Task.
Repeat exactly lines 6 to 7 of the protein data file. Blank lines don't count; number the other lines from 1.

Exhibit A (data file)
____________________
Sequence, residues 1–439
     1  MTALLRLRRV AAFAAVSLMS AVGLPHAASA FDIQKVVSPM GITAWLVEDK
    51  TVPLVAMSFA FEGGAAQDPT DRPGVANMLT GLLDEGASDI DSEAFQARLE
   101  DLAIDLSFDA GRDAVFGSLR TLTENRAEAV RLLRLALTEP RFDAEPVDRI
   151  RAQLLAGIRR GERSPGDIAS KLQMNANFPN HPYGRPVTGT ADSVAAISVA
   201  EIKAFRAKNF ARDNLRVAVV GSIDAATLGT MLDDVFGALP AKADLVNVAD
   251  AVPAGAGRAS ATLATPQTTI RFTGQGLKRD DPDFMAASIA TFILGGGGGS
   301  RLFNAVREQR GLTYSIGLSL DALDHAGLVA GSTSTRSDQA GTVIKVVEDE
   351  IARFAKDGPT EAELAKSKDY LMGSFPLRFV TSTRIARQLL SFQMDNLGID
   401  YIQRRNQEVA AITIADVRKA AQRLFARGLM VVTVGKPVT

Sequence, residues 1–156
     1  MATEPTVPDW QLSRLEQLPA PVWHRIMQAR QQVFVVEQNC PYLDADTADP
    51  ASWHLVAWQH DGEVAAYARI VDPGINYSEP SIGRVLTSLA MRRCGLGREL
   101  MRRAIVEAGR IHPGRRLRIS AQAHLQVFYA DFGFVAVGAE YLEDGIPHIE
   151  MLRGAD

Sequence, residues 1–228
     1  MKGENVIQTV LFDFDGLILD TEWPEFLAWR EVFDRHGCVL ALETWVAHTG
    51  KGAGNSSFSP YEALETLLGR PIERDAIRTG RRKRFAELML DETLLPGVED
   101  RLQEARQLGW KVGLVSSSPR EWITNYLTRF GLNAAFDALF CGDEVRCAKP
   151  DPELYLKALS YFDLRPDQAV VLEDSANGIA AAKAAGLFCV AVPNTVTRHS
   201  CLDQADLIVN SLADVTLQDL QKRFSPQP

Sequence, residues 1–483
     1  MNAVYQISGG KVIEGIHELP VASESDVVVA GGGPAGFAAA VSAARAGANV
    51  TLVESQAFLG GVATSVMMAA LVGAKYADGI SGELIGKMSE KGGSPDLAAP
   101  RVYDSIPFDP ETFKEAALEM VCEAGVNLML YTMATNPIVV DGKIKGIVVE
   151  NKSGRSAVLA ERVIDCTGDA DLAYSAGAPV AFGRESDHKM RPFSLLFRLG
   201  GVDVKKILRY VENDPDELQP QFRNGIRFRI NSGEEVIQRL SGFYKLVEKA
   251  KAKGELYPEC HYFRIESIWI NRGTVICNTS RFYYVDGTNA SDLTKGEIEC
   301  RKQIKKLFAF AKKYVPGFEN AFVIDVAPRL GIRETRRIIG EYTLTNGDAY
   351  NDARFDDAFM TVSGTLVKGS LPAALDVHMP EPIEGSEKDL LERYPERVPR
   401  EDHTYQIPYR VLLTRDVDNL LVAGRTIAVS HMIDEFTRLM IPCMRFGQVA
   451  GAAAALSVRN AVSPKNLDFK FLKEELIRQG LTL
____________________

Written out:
   201  EIKAFRAKNF ARDNLRVAVV GSIDAATLGT MLDDVFGALP AKADLVNVAD
   251  AVPAGAGRAS ATLATPQTTI RFTGQGLKRD DPDFMAASIA TFILGGGGGS